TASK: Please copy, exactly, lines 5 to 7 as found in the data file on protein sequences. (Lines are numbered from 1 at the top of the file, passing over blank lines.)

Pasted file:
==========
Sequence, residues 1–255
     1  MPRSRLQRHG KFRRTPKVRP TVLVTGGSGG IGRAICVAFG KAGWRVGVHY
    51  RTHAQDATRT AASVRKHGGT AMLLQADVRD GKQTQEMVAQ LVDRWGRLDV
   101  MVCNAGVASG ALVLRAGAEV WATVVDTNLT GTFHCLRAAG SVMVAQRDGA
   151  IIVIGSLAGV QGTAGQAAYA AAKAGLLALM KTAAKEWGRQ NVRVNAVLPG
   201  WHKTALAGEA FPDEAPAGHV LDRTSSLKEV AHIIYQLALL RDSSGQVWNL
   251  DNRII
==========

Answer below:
   151  IIVIGSLAGV QGTAGQAAYA AAKAGLLALM KTAAKEWGRQ NVRVNAVLPG
   201  WHKTALAGEA FPDEAPAGHV LDRTSSLKEV AHIIYQLALL RDSSGQVWNL
   251  DNRII